Clumber Park lakeside cycle trail

Worksop, Nottinghamshire S80 3AZ

Route details and mapDownload as a print friendly PDF
Explore the beautiful landscaped park by bike © David Levenson

Explore the beautiful landscaped park by bike

Enjoy the spectacular views of the lake and chapel © Jerry Harpur

Enjoy the spectacular views of the lake and chapel

Hardwick Terrace was originally built for estate workers at Clumber  © NTPL/Jerry Harpur

Hardwick Terrace was originally built for estate workers at Clumber

 © NTPL/Crown copyright and database rights 2011 Ordnance Survey 100023974

Route overview

Get on your bike and explore this amazing landscaped park, once home to the Dukes of Newcastle. As you cycle around the 87-acre (35.2ha) serpentine lake you’ll pass beautiful trees teeming with wildlife. This 5 mile (8km) trail is part of a 20 mile (32.1km) cycle network around Clumber, which you can explore for yourself by hiring a bike from our cycle hire centre or by bringing your own.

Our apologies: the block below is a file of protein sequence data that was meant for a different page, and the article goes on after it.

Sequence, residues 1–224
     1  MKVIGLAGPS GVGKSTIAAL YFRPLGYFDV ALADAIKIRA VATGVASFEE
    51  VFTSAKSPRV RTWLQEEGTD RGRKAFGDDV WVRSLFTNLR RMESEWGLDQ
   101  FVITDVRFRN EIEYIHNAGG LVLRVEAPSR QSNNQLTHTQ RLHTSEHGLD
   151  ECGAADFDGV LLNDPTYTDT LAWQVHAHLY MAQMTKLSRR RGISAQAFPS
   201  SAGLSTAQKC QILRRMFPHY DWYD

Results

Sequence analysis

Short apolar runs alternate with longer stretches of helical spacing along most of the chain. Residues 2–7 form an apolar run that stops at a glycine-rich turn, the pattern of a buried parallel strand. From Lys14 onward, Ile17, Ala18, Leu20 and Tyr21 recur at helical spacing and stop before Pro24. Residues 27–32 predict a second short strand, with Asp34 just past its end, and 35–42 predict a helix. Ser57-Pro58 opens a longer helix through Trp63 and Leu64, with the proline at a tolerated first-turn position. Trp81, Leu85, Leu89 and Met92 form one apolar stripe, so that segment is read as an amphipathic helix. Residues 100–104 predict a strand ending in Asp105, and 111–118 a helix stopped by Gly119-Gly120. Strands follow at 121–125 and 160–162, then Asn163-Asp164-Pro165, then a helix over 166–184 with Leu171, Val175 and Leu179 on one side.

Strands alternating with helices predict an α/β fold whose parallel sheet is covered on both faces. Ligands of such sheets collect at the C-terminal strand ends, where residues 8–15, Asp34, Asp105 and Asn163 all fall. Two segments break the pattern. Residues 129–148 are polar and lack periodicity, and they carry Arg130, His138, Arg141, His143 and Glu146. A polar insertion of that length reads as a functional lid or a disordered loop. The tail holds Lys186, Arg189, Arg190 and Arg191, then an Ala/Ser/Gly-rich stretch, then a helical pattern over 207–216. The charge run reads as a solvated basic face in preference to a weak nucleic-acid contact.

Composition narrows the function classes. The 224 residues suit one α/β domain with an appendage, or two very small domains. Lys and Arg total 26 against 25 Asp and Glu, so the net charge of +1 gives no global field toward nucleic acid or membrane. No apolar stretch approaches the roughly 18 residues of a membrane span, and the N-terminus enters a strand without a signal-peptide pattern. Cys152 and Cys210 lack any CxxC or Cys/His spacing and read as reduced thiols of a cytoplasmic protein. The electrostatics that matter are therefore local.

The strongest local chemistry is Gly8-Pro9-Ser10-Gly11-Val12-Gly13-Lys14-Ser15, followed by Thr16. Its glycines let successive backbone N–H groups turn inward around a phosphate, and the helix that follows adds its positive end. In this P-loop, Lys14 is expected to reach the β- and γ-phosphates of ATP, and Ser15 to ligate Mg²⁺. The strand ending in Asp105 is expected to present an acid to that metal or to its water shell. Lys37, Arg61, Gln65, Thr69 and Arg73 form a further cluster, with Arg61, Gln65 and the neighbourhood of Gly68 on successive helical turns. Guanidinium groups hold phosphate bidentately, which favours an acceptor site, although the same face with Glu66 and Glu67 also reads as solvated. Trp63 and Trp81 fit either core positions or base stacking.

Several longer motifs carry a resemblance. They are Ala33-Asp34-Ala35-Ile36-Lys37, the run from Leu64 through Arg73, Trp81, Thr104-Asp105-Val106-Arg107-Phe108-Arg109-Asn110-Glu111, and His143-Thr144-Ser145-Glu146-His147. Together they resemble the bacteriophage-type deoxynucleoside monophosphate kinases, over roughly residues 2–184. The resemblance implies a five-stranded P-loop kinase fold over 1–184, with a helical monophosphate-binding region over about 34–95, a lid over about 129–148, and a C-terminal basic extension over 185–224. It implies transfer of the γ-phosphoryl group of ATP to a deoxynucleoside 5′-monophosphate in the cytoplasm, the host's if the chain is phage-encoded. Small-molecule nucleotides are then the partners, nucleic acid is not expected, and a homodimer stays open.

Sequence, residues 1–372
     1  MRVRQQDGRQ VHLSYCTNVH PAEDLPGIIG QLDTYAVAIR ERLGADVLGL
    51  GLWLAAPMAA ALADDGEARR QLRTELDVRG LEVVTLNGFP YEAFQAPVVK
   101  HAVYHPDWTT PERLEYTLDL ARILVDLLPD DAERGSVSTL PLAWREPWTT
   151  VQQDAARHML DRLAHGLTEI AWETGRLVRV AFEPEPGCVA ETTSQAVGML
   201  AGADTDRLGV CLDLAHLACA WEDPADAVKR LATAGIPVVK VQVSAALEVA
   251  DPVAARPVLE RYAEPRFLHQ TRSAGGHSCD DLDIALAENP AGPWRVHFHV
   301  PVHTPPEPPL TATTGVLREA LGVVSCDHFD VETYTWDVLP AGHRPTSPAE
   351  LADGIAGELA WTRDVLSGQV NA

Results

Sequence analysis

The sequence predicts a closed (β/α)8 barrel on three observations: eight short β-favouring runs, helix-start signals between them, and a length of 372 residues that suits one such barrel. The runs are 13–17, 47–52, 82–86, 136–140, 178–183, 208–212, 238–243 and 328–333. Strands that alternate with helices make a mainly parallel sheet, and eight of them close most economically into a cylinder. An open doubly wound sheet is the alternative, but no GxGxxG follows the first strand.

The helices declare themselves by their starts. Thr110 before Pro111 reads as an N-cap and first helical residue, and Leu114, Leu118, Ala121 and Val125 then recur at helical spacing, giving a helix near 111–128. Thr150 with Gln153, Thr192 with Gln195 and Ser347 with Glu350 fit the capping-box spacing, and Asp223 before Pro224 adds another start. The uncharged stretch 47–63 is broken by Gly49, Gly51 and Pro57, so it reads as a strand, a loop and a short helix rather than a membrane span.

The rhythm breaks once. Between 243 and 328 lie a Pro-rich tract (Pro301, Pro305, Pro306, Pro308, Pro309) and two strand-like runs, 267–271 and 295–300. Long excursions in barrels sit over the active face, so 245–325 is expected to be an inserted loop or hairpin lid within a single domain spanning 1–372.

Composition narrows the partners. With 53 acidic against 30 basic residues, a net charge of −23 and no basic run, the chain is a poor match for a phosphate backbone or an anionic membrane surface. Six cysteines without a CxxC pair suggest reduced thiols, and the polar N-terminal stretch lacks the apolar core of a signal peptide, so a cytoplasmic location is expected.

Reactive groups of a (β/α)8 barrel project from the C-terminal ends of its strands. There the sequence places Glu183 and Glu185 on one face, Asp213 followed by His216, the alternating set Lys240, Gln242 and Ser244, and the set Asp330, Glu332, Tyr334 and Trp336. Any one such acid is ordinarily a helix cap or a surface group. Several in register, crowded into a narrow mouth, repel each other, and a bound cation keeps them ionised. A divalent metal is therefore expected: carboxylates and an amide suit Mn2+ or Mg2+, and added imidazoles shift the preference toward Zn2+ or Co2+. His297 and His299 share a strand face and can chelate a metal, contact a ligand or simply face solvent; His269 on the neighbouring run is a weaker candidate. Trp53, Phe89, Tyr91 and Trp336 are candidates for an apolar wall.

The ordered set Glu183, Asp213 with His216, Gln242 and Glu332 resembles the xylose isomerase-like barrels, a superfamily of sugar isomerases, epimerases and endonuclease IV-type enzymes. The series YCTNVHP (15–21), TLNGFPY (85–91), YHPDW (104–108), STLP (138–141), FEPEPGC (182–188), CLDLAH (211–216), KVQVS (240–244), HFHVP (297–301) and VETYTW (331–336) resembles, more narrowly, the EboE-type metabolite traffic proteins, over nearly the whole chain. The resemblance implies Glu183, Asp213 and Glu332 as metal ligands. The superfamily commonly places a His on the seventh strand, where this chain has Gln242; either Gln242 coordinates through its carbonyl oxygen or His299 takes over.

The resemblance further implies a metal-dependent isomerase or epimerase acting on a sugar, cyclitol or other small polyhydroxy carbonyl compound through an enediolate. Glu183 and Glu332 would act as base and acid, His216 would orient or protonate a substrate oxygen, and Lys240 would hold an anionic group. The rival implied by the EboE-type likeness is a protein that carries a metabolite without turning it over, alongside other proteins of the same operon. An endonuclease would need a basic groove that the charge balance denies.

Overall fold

Route details

See this step-by-step route marked on a map

Route map for Clumber Park lakeside family cycle trail, Nottinghamshire
  • Directions
  • Route
  • Bus stop
  • Parking
  • Toilet
  • Viewpoint

Start: Clumber cycle hire centre, grid ref: SK625745

  1. Follow the blue arrows and numbered posts 1 to 8, and 1 again so that your route is circular. From the cycle hire centre head towards the main visitor facilities, then continue on the road bearing left towards the bridge. Keep on the hard surfaced track that swings right. On your right is the Pinetum.

    Show/HideExotic conifers in the Pinetum

    To show off their power and wealth in the days of the Dukes, the rich had their gardens planted with exotic species from around the world. At Clumber these were the Pleasure Ground and Pinetum. The Seventh Duke had the Pinetum planted in the 1890s to display exotic conifers, including the Blue Douglas Fir and Veitchs Silver Fir. How many different species can you spot on your ride around Clumber today?

    Explore the beautiful landscaped park by bike © NTPL/David Levenson
  2. Continue on the track until you reach the crossroads, then turn left. The road narrows towards Clumber Bridge so be careful of vehicles.